A 90-minute bike fit typically starts with dialing in the cleats and footwear followed by how the knee tracks adjacent to the frame, Zach says. “The feet can be closer or further away from the frame, which can require heel shims or wedges,” he adds. Next, the session addresses the bike saddle, knee angle, saddle height and setback, stem height and length, and shifter position.
“Most riders have more than one bike, so I’ll fit their road and gravel bike first then their mountain, all-mountain, cross country, or downhill bike, which needs a less specific fit. The harder the pedal stroke, the more important and specific the fit is,” Zach adds.
6. Explore some gravel
The gravel movement has opened up new roads and routes that even decades-old local road or trail cyclists have not yet experienced, says Zach. “By using a mixed terrain bike that’s not road specific and wider, tubeless tires cyclists can turn down dirt roads without consequence and explore a new place two miles from their house,” he says. Riding gravel “is a way to explore straight from your front door,” adds Whitney.
For exploration, it can be helpful to use a navigation app on your phone, like Gaia GPS or onX Offroad, to track your location, identify public versus private property, and download map data, especially if you’ll be out of service range.
7. Upgrade your seat
For more comfort on long rides, you need at least one thing set up properly: your saddle. Your seat should fit well and not cause pain, so this year, make it a goal to get one that works better for you.
Saddle type and placement is included in many fit consultations, Zach says, and clients can sometimes rotate through various saddles to find the most supportive design.
A few go-to upgrades he suggests include Ergon Bike Ergonomics and the Specialized Power lineup, as well as women’s-specific options. Cyclists can also book a bike fit with Retül fit technicians nationwide, such as Conte’s Bike Shop in Florida or Bike Cycles in North Carolina, which provides “the national universal standard for the best bike fit,” says Marshall.
"Saddle tilt is key, too,” Zach says. “Women riders that have an arched back and are rotating their pelvis under them is a result of trying to relieve pressure. [That means] the nose of the saddle might be too high or the saddle tilt is incorrect.”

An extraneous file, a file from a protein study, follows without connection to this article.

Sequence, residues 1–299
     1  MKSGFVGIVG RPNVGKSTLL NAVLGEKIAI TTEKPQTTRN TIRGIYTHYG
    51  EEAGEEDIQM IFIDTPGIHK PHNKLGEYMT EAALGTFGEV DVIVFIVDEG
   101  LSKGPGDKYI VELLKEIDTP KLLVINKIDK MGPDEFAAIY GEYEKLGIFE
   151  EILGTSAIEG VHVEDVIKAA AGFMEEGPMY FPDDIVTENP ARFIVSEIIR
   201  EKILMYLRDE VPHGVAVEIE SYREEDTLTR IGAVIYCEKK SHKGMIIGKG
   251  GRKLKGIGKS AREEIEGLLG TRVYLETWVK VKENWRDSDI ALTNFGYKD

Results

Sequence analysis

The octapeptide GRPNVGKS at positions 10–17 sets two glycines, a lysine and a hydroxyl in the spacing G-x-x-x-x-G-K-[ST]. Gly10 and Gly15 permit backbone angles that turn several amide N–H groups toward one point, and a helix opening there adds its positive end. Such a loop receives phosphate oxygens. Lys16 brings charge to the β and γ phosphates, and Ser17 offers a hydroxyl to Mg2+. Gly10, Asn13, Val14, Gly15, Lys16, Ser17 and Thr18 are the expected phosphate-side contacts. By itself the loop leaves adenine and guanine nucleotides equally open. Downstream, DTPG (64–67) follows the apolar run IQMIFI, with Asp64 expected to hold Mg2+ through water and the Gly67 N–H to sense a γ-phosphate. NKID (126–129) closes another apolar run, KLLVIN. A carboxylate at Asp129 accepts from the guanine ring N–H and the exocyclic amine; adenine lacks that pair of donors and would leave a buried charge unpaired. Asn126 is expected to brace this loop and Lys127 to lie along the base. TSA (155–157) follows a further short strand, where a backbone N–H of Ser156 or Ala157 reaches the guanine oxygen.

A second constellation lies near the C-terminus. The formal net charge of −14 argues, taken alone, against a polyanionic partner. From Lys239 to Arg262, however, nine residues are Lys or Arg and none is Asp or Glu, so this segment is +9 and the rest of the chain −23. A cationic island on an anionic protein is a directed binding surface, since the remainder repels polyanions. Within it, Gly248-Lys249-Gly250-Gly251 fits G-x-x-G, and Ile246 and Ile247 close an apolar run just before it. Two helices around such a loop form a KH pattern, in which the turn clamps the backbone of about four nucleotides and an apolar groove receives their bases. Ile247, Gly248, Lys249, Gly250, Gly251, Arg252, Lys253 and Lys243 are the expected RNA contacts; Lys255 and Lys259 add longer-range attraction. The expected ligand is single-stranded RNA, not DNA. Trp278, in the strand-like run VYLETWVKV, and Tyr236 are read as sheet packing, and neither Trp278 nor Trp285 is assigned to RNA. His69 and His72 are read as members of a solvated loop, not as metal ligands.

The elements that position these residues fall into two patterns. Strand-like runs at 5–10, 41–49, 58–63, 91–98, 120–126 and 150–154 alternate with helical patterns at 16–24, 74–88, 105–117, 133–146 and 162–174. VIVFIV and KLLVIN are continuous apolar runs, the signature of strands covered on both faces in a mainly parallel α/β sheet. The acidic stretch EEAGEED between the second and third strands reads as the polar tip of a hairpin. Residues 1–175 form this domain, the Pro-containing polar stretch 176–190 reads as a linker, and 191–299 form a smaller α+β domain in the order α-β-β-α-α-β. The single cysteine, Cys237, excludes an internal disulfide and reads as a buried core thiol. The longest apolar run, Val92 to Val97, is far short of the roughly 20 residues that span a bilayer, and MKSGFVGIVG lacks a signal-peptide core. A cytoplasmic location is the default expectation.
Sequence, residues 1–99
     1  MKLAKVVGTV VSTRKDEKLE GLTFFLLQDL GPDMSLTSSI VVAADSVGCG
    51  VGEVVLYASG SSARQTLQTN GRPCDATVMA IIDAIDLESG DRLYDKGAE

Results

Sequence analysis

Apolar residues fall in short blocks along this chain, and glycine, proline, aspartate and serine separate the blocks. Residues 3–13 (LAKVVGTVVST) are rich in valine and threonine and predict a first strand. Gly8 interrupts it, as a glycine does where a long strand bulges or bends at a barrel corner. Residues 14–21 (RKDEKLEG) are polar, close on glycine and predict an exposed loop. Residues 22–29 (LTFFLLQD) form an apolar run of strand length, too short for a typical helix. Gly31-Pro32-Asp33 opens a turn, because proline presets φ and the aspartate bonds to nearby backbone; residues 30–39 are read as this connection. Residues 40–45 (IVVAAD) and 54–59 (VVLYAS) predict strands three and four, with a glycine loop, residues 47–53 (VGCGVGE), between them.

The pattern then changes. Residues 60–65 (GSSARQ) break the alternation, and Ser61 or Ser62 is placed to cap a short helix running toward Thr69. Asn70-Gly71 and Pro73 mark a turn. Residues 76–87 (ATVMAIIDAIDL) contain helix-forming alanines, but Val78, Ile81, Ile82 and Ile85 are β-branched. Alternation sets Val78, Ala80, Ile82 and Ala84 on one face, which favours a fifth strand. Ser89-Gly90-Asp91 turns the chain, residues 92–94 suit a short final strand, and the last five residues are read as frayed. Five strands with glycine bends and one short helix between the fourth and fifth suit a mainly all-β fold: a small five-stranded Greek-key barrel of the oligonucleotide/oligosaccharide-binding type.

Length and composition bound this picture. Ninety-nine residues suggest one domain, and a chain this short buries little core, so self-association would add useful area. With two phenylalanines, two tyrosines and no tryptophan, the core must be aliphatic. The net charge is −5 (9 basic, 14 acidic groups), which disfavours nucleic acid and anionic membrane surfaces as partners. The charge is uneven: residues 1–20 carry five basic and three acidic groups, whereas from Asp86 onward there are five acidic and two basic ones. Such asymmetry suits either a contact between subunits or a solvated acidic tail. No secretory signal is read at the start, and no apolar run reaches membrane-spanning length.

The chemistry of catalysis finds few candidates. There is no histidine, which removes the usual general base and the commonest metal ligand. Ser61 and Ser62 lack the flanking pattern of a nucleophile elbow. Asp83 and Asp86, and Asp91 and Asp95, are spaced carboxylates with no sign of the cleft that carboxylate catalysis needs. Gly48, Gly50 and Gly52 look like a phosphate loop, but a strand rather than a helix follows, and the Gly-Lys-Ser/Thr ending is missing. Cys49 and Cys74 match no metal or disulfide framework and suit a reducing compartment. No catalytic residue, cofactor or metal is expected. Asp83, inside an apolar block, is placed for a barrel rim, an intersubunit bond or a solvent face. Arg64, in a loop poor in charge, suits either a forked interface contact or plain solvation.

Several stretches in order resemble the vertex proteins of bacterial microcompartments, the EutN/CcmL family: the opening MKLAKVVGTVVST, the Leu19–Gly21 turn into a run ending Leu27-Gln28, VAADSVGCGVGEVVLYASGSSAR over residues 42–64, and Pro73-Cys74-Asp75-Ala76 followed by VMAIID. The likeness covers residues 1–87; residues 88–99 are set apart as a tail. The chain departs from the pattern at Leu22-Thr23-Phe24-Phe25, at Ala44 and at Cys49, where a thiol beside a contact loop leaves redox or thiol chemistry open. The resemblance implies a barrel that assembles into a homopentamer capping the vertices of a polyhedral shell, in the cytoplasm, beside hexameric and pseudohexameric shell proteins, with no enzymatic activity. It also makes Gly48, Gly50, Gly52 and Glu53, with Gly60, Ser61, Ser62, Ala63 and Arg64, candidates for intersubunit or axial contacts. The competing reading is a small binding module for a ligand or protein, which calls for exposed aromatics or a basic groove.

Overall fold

Before booking a one-on-one fit, riders can also start with a sit bone measurement to identify the correct saddle width and see if that fixes any soreness, Marshall says. “Many bike shops can provide a measurement, such as with a Retül digital sit bone device, or you can use cardboard at home by following a BikeGremlin step-by-step,” she explains.
In general, though, Specialized saddles with the Mimic technology, which is a blend of materials that support and minimize swelling in the soft tissue, are a great solution for women, Marshall and Zach say.
8. Work a wheelie
We know, a wheelie looks cool—but it’s also a functional skill for bike control in variable terrain from urban to backcountry routes. Fortunately, you can learn the move during a basic mountain bike lesson, Marshall says. Step one is to learn how to do a front wheel lift, followed by performing a front wheel lift while you pedal, which is helpful for riding up and over technical features on rocky or log-tossed singletrack or up and over curbs, railroad ties, rock ledges, or water bars.
“The next step is to hold that pedaling-front-wheel-lift longer. A wheelie is finding that balance point,” Marshall says. For practice, a slightly uphill grassy slope can provide gravity assistance while “you learn to trust that fall-back motion,” she adds.
9. Ride with friends more often
Regardless of restrictions over the last two years, bicycling became an avenue for safely enjoying the outdoors, good health, and for some, an adrenaline rush. With the rollout of vaccinations and adjusted regulations, biking’s social side is back in view for 2022. So take advantage by adding group rides to your list of bike goals.
To meet new ride friends, do a google search for group rides in your city, contact a local bike club for event lineups, and reach out to local bike shops, suggested the Allisons. “Bike shops are usually diverse from gravel and cyclocross to road and mountain biking, and they might know about group rides,” Zach adds.
10. Help a newbie learn to ride
Sharing your love of cycling with someone else should definitely be a bike goal of 2022, as it can remind you what’s so great about riding and give you a companion to share in adventures.
“Teaching someone how to ride properly and with confidence is not always the easiest thing to learn from a significant other. Having a friend and someone who’s been riding for a while help teach can make the learning curve a positive experience,” says Marshall.
To do it, first make the experience about them. “Get your workout or ride in ahead of time, so when you take this person riding you can focus on being positive and riding at their level and pace,” she says.
Find a safe route without vehicle, bicycle, or foot traffic, so there aren’t distractions. If they’re learning how to clip in and out of clipless pedals, use a grassy area or a railing for support. “Make sure their tires are pumped up, that they know the front and rear brakes, and how to shift gears to be harder and easier before they start. Also, teach them how to start with one of their pedals straight at 12 o’clock, so they can push down and sit on saddle,” Marshall says. Take it back to the basics and then let them just enjoy the ride.